Book Review: The Wealth of Nations by Adam Smith

Book Review: The Wealth of Nations by Adam Smith

The Wealth of Nations is—far and away—the most difficult book I’ve read.  The writing is dense and the ideas are complex. The book is a behemoth…a paragon in the Libraries of History.

Smith is a legendary thinker. He covers a wide array of topics, from the Chinese economy to the barter system of Ancient Peru. During the process, we realize that we’re in the presence of a GREAT MAN. He’s an economist, a historian, a philosopher…in short, he’s the Age of Enlightenment personified.

Here’s what I took away from the book:

Agriculture is a Vital Part of a Country’s Economy

Smith believed in agriculture. He points out that a country must—first and foremost—be able to feed itself. It needs to produce bread, rice, etc. And when a country cannot feed itself, it’s an economic liability.

The examples are numerous—just look at the Irish Potato famine. Once they lost the ability to feed themselves, a tragedy ensued. Another example can be seen in modern-day Venezuela, which did away with much of its agriculture. When a financial crisis occurred, the people were lacking in basic food commodities. Just look at how many supermarkets were raided in downtown Caracas.

Paper Money Should Be Connected to a Precious Money

According to Smith, paper money needs to be tied to a precious metal: gold, silver, etc. This prevents the country from printing paper money at will, which leads to inflation. Smith provides numerous examples, going as far back as the Roman Empire’s use of bronze as a way to stabilize its currency.

Needless to say, the United States is currently in this dilemma. Since it left the gold standard, the inflation has slowly been rising. This accounts for the fact that a dinner that once was worth five cents (such as in 1920) is now worth fifteen dollars. If the situation spirals out of control—such as in Venezuela—then the paper money can become pointless. Note how in Caracas, you need a backpack full of money to buy a lunch.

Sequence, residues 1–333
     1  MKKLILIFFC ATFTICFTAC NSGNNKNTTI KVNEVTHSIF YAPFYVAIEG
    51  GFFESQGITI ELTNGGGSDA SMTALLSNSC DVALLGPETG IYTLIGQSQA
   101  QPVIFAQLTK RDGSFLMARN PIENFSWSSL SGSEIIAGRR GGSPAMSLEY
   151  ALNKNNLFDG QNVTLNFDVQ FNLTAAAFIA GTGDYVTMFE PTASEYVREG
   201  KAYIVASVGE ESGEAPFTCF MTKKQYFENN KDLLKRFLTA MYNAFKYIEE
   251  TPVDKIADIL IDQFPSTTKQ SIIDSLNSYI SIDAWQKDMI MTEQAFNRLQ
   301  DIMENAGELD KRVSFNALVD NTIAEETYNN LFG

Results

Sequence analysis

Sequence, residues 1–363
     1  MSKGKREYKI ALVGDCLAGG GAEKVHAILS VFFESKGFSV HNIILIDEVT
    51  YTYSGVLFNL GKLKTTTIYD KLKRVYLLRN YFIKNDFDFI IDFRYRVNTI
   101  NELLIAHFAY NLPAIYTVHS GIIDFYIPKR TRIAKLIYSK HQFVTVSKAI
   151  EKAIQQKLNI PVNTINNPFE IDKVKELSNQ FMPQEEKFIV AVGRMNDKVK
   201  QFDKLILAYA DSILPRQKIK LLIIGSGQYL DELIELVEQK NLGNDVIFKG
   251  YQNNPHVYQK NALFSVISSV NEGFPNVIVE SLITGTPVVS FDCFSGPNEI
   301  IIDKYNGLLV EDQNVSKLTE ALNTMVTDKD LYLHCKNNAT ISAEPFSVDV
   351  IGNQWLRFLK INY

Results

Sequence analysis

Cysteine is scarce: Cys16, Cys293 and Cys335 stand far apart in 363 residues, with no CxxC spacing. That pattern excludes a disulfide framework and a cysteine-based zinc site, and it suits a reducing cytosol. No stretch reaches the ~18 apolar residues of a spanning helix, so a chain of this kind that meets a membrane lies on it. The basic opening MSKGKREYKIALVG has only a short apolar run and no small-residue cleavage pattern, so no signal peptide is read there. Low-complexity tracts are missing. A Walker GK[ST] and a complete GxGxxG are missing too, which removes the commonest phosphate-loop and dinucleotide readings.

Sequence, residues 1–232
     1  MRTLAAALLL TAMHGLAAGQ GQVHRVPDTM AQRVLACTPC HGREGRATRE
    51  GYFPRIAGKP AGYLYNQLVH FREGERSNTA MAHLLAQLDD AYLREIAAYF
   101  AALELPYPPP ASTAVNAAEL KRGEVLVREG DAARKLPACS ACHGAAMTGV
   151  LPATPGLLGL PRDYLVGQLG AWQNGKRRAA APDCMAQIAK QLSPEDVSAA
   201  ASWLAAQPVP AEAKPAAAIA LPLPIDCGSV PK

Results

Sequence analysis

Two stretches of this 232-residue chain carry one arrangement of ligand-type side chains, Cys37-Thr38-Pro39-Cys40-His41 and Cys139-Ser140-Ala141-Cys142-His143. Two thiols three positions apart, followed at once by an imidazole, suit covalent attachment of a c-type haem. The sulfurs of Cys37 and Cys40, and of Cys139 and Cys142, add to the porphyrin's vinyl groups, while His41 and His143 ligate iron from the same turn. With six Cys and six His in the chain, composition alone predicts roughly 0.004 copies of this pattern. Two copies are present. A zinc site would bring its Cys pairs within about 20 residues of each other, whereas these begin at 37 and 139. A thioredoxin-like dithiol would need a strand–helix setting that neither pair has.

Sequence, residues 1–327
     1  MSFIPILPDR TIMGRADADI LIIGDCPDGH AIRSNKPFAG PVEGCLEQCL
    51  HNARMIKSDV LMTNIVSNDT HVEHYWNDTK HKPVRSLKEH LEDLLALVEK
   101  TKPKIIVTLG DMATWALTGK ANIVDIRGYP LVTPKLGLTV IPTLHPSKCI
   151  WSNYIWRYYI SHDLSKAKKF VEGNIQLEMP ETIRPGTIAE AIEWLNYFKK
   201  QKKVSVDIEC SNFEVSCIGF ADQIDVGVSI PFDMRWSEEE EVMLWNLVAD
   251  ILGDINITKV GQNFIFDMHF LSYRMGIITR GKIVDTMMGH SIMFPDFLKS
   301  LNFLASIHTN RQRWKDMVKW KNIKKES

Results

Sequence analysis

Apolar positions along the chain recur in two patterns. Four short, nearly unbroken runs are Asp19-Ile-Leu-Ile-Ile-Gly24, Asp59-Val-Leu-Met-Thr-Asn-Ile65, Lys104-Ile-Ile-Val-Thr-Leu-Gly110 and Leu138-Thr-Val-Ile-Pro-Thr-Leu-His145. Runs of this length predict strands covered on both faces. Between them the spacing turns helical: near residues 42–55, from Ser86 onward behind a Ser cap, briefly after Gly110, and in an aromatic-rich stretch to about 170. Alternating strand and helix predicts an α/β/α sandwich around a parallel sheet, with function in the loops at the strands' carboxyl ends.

Every Armed Conflict Has an Economic Story

The Wealth of Nations was written in 1776…the year of American independence. Smith goes into great detail about the war. He points to the economic underpinnings of the battle, explaining an angle that’s rarely talked about. Through this lens, the American War of Independence was more than a fight for sovereignty—it’s was an economic battle.

How many wars are fought over money? What’s the real story behind any armed conflict? What about the Syrian battle? The Iraqi invasion? Money plays a huge role in these conflicts. Smith reminds us about the “unspoken cause of war” the conflict that’s always at play—the battle between a creditor and a debtor.


I highly recommend The Wealth of Nations. Regardless of your major, you should read this book. It will bring you up to speed with “the best in what’s been thought and said.” Adam Smith should be on the bookshelf of any self-respecting bibliophile.

Book Review: Basic Economics by Thomas Sowell

Book Review: Basic Economics by Thomas Sowell

Thomas Sowell’s book, Basic Economics: A Citizen’s Guide to the Economy is just what the name implies—a beginner’s guide to economic theory. I found the book to be excellent. I should’ve read it years ago, since it would have peaked my interest in money matters a bit more.

Several quotes stood out:

Speculation is Superior to Gambling

Speculation is often misunderstood as being the same as gambling, when in fact it is the opposite of gambling.  What gambling involves, whether in games of chance or in actions like playing Russian roulette, is creating risk that would otherwise not exist, in order either to profit or to exhibit one’s skill or lack of fear.  What economic speculation involves is coping with an inherent risk in such a way as to minimize it and to leave it to be borne by whoever is best equipped to bear it.

Gambling is like marrying a woman that you’ve known for three months (something the Major has done). Essentially, you’re creating a risk. You’re making a commitment to somebody that’s a virtual stranger. You don’t have the all the information yet; in my case, I found out that my wife was an alcoholic.

We gamble out of stupidity; but also, it’s a “lack of fear” as Sowell points out. We test the natural laws of the universe, believing that our intuition is superior. Occasionally, we get lucky and win. But most of the time we lose.

Conversely, speculation is like marrying a woman that you’ve known for three years. You minimize a risk (AKA, speculate).  Her negative traits have already come to light, but you feel that you can manage them. You’ve seen the worst in her and feel that you can overcome the risk.